You’ve spent months trying to master your toddler’s nightly tuck-in, and you’re finally reaping the rewards with their blissful slumber. But around the age of 3, your perfected routine may start to crumble when your kiddo suddenly seems spooked by nightmares or has a fear of the dark.
At this age, a child’s imagination is rich and filled with vivid possibilities. Their thought process dovetails nicely when it relates to pretend play and dress-up games, but it can rock the house if nighttime anxiety becomes a regular pattern.
“Preschoolers tend to have a difficult time differentiating between reality and fantasy—hence the fear of monsters under the bed or the boogie man lurking in the closet,” explains Kim West, LCSW, aka “The Sleep Lady,” a child and family therapist and author of “Good Night, Sleep Tight.”
As kids move into elementary school, their nighttime worries may be based more on actual events, including fear of storms, injury, or fire, she notes.
“And sometimes children become alarmed about the outside world entering their own, which could mean being worried about burglars,” West says.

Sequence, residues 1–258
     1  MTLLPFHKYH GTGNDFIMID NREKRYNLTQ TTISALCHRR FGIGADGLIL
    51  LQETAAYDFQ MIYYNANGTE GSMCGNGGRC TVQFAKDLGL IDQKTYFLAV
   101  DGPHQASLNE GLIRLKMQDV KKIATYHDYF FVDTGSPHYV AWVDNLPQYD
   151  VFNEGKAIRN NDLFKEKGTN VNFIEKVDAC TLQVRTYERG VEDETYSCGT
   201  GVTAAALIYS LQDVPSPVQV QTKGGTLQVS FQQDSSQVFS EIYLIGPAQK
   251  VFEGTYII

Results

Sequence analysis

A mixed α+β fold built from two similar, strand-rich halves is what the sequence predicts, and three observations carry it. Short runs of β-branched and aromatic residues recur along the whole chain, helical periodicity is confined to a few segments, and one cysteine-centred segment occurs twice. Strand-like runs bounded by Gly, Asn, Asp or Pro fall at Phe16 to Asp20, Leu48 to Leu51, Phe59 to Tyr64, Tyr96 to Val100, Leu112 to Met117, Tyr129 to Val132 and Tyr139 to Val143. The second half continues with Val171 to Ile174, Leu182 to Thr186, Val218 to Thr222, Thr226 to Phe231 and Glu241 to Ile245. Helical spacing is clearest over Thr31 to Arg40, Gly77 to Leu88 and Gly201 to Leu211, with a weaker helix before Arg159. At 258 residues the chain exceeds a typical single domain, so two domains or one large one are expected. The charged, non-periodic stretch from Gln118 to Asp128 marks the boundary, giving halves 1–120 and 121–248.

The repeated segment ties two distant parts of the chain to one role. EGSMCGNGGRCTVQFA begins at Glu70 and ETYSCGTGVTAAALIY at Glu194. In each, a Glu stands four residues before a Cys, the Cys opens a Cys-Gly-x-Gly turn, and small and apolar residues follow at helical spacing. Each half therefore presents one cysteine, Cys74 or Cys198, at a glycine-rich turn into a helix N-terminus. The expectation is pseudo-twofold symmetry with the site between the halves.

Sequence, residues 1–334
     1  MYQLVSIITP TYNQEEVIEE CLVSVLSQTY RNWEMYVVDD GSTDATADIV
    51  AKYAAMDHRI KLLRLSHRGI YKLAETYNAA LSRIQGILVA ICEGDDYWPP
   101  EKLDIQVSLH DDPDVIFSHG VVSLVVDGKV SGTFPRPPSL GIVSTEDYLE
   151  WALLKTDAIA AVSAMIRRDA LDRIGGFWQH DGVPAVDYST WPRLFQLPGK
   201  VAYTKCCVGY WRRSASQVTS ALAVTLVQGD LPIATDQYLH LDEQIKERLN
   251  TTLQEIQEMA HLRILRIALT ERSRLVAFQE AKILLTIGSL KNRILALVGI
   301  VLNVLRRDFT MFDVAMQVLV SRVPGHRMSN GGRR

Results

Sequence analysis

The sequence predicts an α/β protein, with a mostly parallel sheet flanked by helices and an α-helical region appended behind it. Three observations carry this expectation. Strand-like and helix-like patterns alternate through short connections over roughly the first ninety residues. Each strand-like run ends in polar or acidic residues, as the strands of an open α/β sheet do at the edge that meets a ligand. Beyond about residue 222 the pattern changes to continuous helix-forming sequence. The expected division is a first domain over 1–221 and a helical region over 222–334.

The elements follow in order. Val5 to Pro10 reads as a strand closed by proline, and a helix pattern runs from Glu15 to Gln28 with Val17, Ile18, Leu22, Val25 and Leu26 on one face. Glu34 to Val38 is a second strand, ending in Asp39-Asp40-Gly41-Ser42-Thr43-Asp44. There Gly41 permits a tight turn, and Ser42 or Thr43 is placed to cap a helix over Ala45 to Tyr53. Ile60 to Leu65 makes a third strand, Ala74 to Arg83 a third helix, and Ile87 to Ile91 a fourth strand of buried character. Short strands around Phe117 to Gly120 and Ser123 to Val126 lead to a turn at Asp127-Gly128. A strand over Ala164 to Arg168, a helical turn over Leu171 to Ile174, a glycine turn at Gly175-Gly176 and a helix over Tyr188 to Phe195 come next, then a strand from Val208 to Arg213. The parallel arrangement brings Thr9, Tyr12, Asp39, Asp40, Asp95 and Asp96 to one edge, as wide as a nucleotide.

Conquering night fright can be a bit of a production, but it’s necessary in order to get back on a solid sleep track. Here are seven ways to quiet your child’s racing mind and ease nightmares:
1. Light the way
You may already have a lamp or a plug-in down the hall, but consider letting your tot help to choose another, a special nightlight that he gets to turn on at bedtime. Encouraging a bit of ownership may ease his worries and give him peace of mind in the dark.
2. Chat them up
“Ask your child to try and open up about what’s bothering her at night and then remind her of her safety,” suggests West. Don’t minimize her fears. Acknowledge them, because they’re very real in her mind, and give her your understanding and sympathy.
3. Read all about it
Check out storybooks about kids tackling nightmares at your local library or go online to order one or two. Reading with him about characters who’ve dealt with nighttime jitters can show him that his fears can be overcome.
4. Designate a helper
Many kids have a lovey—either a stuffed animal, blanket, or another soft item—that helps them get through the night. Selecting a particular toy to comfort your tot can be a nice bedtime transition. And if your child has one already, let him know he can rely on his “friend” to keep him company and help him fall asleep.